Thursday, March 27, 2008
Tuesday, March 25, 2008
The First Patient
Hardcover: 384 pages
Publisher: St. Martin's Press; First Edition edition (February 19, 2008)
Cover Copy: From the blockbuster, New York Times bestselling author comes a high-concept, high-octane thriller at the crossroads of presidential politics and cutting-edge medicine. . . .Gabe Singleton and Andrew Stoddard were roommates at the Naval Academy in Annapolis years ago. Today, Gabe is a country doctor and his friend Andrew has gone from war hero to governor to President of the United States. One day, while the United States is embroiled in a bitter presidential election campaign, Marine One lands on Gabe's Wyoming ranch, and President Stoddard delivers a disturbing revelation and a startling request. His personal physician has suddenly and mysteriously disappeared, and he desperately needs Gabe to take the man's place. Despite serious misgivings, Gabe agrees to come to Washington. It is not until he is ensconced in the White House medical office that Gabe realizes there is strong evidence that the President is going insane. Facing a crisis of conscience-as President Stoddard's physician, he has the power to invoke the Twenty-fifth Amendment to transfer presidential power to the Vice President-Gabe uncovers increasing evidence that his friend's condition may not be due to natural causes. Who? Why? And how?
The President's life is at stake. A small-town doctor suddenly finds himself in the most powerful position on earth, and the safety of the world is in jeopardy. Gabe Singleton must find the answers, and the clock is ticking. . . .With Michael Palmer's trademark medical details, and steeped in meticulous political insider knowledge, The First Patient is an unforgettable story of suspense.
Michael Palmer investigates and develops a horrifying and electrifying plot in The First Patient.
Though this is my first Michael Palmer novel, and though I am not a huge fan of political fiction, I found myself turning pages like mad and losing sleep. I developed the “one more chapter” syndrome a hundred or so pages into the 350+ page plus novel.
The strengths in this story are the intriguing plot and the behind the scenes “sneak” into the most powerful office in the United States. Palmer's medical knowledge made it more interesting to me, however, I tend to love medical thrillers since my day job is in a clinic.
The weaknesses within The First Patient were in the too quick romantic interest for Gabe, a slower beginning, and a slightly rushed conclusion. I did guess the most evil of all evil characters and I'm not usually great at uncovering clues, so there may have been a red herring issue that didn't ring true for me. If you usually guess correctly, you may find that true for you also.
If you love thrillers with a bit of romance and a lot of peril, you might want to look further into The First Patient. Sensitive souls may want to opt out because there is a horror element and a seriously nasty secret life for one of the characters. If you are a Palmer fan, I'm sure you won't be disappointed.
Reviewed by: Kelly Klepfer
Monday, March 24, 2008
Paperback: 367 pages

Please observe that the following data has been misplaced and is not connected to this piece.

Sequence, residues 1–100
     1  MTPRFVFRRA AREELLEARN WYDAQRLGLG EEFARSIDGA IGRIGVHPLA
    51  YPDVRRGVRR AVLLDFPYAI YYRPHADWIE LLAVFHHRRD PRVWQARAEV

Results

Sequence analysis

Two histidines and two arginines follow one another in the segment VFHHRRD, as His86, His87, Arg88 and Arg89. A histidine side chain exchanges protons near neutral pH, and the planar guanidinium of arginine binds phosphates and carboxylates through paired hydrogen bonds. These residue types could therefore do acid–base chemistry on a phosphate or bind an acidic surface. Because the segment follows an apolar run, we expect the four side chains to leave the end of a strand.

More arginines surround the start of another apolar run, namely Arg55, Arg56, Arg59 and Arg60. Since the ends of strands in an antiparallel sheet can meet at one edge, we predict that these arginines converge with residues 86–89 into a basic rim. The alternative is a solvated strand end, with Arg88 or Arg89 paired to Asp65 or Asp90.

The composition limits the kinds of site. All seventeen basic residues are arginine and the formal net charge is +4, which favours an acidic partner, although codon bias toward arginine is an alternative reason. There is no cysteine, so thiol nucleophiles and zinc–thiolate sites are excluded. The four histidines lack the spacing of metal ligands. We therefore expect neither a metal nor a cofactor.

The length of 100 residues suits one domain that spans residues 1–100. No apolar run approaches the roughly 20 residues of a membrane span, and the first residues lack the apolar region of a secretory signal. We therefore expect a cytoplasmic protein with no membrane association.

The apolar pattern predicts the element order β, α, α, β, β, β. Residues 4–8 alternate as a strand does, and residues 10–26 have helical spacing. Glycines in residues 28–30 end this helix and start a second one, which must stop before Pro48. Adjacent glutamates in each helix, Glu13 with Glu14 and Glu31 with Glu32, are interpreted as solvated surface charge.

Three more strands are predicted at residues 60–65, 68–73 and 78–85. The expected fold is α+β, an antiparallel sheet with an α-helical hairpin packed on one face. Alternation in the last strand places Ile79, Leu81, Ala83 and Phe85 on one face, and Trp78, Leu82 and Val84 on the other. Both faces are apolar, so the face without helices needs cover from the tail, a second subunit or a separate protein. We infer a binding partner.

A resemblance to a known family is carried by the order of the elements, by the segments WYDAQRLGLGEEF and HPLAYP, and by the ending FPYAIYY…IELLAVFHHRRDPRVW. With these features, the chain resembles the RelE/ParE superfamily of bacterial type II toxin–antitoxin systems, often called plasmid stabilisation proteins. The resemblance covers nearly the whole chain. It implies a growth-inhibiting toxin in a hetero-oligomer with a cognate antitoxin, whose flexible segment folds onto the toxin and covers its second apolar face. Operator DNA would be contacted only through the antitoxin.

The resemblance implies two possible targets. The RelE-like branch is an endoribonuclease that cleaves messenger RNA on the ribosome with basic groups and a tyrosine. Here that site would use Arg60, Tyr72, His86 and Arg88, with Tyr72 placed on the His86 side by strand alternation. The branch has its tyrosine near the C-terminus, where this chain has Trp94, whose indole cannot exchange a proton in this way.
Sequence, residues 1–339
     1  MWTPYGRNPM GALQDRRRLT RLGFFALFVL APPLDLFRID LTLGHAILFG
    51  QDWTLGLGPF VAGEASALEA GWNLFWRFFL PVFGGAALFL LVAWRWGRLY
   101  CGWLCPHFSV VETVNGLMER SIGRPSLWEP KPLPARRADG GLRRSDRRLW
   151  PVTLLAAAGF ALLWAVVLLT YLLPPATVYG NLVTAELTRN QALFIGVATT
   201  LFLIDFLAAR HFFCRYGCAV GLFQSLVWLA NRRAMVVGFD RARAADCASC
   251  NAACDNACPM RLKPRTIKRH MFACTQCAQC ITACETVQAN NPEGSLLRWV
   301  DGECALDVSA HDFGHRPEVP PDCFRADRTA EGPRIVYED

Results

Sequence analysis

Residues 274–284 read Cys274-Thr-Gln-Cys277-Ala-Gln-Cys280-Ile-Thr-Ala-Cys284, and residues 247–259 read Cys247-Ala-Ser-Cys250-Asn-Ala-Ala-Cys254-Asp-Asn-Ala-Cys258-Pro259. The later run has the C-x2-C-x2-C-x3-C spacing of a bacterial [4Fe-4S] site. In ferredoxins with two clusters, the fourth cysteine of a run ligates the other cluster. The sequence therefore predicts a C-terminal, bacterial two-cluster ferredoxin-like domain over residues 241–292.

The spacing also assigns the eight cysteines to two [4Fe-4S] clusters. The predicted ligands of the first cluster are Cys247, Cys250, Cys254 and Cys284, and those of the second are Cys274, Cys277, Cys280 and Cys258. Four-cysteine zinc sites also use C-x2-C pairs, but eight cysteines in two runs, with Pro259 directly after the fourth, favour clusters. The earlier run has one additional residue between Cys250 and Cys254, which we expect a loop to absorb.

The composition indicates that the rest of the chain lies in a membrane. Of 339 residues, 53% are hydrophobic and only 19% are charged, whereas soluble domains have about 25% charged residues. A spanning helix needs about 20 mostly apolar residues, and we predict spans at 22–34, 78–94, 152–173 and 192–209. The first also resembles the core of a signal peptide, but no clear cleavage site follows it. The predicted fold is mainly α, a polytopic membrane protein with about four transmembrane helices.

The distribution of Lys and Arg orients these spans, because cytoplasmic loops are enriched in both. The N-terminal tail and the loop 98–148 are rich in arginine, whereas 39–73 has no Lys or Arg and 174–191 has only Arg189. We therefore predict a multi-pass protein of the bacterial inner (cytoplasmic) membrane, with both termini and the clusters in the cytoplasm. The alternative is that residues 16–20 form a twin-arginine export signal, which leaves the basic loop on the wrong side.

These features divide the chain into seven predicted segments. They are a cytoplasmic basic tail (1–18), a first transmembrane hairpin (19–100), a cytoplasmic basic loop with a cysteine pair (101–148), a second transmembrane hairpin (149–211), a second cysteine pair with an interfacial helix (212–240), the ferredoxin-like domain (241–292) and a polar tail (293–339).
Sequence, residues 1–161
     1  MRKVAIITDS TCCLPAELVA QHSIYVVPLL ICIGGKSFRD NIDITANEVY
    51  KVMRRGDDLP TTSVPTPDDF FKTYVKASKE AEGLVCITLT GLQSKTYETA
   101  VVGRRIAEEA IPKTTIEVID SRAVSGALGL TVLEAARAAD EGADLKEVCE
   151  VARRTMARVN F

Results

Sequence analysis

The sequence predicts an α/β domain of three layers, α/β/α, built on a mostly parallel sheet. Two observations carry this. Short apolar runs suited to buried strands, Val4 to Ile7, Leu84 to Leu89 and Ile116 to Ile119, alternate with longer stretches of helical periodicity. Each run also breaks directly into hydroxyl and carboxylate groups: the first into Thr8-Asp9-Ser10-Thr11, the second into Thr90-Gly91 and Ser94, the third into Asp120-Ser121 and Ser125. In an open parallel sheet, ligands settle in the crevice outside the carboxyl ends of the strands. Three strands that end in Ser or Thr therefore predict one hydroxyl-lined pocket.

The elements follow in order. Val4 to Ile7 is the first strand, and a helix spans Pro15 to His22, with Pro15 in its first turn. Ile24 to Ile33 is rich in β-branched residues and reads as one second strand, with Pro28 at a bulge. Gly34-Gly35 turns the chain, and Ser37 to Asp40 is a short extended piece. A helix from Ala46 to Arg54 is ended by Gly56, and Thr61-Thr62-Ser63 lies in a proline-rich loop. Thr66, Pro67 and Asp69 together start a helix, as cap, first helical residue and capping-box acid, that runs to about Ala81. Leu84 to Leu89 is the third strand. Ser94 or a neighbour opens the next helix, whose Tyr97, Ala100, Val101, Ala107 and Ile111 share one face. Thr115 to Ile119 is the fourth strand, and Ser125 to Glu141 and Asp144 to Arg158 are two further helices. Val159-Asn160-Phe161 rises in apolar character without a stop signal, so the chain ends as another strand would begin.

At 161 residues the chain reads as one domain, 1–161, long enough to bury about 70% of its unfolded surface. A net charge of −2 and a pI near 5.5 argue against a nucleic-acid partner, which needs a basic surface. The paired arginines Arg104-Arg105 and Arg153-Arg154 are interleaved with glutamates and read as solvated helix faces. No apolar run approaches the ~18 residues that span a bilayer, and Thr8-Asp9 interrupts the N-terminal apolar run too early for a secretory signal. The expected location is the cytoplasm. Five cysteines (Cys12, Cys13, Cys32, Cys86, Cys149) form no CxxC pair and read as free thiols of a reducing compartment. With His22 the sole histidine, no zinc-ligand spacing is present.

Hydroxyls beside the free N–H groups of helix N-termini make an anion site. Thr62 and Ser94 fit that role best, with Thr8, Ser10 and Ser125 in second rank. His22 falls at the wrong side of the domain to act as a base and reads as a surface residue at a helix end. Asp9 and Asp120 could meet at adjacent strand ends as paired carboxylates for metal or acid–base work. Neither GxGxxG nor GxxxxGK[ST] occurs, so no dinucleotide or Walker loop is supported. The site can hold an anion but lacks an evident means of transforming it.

Publisher: Zondervan (March 2008)
Camy Tang has risen to a challenge and conquered. Trish is one of the quad of "oldest single cousins" in a family run by an iron fisted/velvet gloved grandma. Camy's challenge? To make Trish a lovable character.
I'll admit, the first couple of chapters didn't win me over. The poor girl is her own worst enemy. I struggled with her faith walk that sure didn't include a whole lot of walking the talk. Trish is a lot like a huge crowd of Christians, the ones who feast on cheap grace and anything the world serves up as long as it looks really tasty.
But, by the end of the book I quit wanting to slap Trish and started wanting to hug her. I even teared up.
Now I can't wait for book three. The first chapter is included at the end of Only Uni and the focus will be "tell it like it is" Venus. I love this crazy family. Don't forget to read the glossary, Camy even makes a cultural study fun. A blast for chick-lit lovers. Also a good one for those who have messed up on Christianity so many times they don't even know if they want to keep trying. Full of grace, forgiveness, sweetness and laughs.
Reviewed by: Kelly Klepfer
Warning to parents: this book, though Christian, covers some heavy duty themes. Read it first or at least read more reviews before letting your daughters loose with it. There are consequences to actions, but some of the actions are pretty edgy if you are used to "gentler" Christian fiction.
Friday, March 21, 2008
One Holy Night
By J. M. Hochstetler
Published by Sheaf House
Wednesday, March 19, 2008
Monday, March 17, 2008
Paperback: 304 pages
Publisher: Bethany House (April 1, 2008)
Once he'd performed in his family's gospel band, but now most of his loved ones have passed on. Still known as "Danny Gospel," he is living a sedate, quiet life as a postman in a small Iowa town. Soon his tranquil existence is broken open by--a dream, a vision, a sign?--a beautiful woman he is sure is his "beloved." Logic and sense tucked safely out of harm's way, Danny launches a quest to find his true love. Always good-natured, he is a hero on a journey--dreaming impossible dreams and, no matter how much he must suffer, pursuing romance and heavenly glory.
But is his quest really for a vision of beauty--or is it a journey through pains too deep to name and emotions too raw to feel?
Reviewed by Gina Holmes
David Athey's, Danny Gospel is an amazing debut. This novel tells a story of a young man who loses his way, (and at times his mind), but never his faith. It's part coming of age, part adventure, part love story, part triumph and part tragedy.
Danny, with all his faults, remains an idealist and I believe readers will adore the character, seeing parts of themselves in him. I can't say I fully understood this book, but it utterly captivated me and spoke to my heart none the less.